Former federal prosecutor details what the fake electors are facing in court
MSNBC legal analyst Glenn Kirschner (Screen cap).

President Donald Trump's desperation to overturn the 2020 election involved a plot with people pretending to be electors when they were nothing of the sort.

Lawyers involved with Trump's campaign worked with unelected Republican electors to file paperwork claiming that they had been elected. Because those documents were officially filed with the federal government, they could be on the hook for fraud.

Speaking to MSNBC, former federal prosecutor Glenn Kirschner explained that their excuse that they were just "following orders" won't hold up.

"That's not a lawful defense, and that's the way I interpret that statement," he explained. "As Attorney General [Hector] Balderas just said, the electors have a legal obligation to certify the results accurately. The results of the popular vote, and the first duly authorized slate of electors from all 50 states did that. Then you have something that people sometimes refer to as an 'alternate' slate of electors, but let's call them what they are. It's a fraudulent slate of electors, because they did not certify the popular vote."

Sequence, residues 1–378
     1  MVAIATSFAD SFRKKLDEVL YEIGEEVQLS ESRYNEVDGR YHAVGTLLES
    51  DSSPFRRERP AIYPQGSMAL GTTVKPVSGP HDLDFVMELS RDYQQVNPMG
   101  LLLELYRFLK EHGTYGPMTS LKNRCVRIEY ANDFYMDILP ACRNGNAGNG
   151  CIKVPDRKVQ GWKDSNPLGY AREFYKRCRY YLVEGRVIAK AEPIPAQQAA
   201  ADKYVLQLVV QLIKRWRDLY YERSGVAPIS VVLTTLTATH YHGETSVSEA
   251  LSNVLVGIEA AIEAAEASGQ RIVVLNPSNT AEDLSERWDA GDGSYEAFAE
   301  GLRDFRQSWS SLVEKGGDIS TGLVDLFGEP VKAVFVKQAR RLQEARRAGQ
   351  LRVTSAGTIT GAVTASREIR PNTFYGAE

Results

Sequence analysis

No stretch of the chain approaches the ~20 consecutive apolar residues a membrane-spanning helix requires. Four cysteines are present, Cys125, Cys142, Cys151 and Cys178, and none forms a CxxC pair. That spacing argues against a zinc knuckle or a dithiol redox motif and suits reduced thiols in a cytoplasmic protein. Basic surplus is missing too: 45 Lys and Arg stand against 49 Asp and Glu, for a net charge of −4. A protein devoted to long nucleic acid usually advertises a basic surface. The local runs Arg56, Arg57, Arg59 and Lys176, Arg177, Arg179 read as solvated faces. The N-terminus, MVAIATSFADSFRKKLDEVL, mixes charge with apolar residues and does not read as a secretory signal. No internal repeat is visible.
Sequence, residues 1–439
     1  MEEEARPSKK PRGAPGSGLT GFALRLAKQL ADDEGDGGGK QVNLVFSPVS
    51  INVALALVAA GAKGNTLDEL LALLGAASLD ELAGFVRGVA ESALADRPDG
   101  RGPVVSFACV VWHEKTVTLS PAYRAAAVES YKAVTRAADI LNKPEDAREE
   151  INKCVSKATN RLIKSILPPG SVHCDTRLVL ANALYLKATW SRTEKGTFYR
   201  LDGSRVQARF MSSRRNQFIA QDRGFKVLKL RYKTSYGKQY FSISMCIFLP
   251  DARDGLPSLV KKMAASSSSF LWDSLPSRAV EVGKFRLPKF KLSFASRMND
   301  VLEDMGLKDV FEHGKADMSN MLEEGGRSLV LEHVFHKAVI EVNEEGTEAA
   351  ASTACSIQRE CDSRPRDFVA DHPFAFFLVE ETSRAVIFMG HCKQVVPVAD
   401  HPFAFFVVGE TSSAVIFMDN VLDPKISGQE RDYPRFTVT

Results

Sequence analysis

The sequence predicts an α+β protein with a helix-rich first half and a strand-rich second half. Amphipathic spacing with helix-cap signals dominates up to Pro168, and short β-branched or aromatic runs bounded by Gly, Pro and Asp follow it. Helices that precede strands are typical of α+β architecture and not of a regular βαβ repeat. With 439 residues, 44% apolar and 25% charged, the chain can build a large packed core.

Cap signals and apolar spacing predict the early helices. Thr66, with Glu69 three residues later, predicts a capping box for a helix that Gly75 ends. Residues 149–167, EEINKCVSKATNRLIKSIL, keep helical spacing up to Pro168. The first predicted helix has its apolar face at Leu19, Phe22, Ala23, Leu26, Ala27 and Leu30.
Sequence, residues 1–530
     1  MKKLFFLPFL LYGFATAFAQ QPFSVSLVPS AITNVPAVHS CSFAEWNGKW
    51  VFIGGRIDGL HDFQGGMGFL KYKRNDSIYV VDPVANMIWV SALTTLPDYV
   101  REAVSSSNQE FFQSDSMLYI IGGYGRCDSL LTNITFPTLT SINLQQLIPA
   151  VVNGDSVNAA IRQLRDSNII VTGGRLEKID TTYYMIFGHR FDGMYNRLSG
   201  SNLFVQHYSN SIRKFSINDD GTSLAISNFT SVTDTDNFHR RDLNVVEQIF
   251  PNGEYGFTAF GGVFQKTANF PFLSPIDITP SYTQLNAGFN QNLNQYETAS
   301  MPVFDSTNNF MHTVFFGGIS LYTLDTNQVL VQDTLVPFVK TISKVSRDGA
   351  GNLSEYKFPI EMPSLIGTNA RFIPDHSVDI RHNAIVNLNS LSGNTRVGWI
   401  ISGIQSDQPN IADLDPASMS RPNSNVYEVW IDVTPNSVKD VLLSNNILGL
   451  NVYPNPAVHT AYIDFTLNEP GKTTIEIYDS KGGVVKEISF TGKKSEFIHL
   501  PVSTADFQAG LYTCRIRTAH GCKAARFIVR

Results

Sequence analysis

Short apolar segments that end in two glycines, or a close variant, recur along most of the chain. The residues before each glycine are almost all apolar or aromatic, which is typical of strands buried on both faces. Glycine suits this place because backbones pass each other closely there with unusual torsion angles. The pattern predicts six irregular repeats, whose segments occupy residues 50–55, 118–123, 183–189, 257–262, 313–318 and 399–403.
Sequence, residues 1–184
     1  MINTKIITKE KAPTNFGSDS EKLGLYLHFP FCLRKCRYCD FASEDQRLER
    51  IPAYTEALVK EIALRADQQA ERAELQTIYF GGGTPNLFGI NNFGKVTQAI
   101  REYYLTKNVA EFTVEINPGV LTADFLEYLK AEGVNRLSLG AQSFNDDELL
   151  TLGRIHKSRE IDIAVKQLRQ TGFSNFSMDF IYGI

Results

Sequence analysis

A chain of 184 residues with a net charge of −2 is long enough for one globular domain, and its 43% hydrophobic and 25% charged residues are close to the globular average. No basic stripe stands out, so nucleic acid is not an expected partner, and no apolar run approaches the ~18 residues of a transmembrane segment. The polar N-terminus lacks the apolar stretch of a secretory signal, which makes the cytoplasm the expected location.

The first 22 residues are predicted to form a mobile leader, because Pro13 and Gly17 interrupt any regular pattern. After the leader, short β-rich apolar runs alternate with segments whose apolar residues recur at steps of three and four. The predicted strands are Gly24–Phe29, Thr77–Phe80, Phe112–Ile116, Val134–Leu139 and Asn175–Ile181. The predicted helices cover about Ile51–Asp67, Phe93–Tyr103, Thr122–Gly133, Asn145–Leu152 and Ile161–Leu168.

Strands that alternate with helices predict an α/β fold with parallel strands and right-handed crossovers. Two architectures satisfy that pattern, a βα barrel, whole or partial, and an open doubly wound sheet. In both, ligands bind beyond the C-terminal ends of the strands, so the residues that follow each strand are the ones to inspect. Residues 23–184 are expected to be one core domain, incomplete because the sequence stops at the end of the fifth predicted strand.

He noted that there was another goal of the Trump campaign to submit the paperwork, but once they did, they put the fake electors in "real hot water."

"It appears they committed state crimes and federal crimes, and Michigan Attorney General Dana Nessel said, and I quote, 'This is a crime.' And both Attorney General Nessel and Attorney General Balderas have referred these matters for criminal investigation to the Department of Justice," Kirschner continued. "But I'll say — because these also very likely violate state laws in Michigan, in New Mexico and elsewhere, there's nothing preventing the state authorities from criminally investigating, and if the evidence supports it, indicting these people simultaneously with the federal investigation going on — because these are different sovereigns, different jurisdictions, there are no double jeopardy concerns, and hopefully, if DOJ isn't moving out quickly enough, the states will begin to move out themselves."

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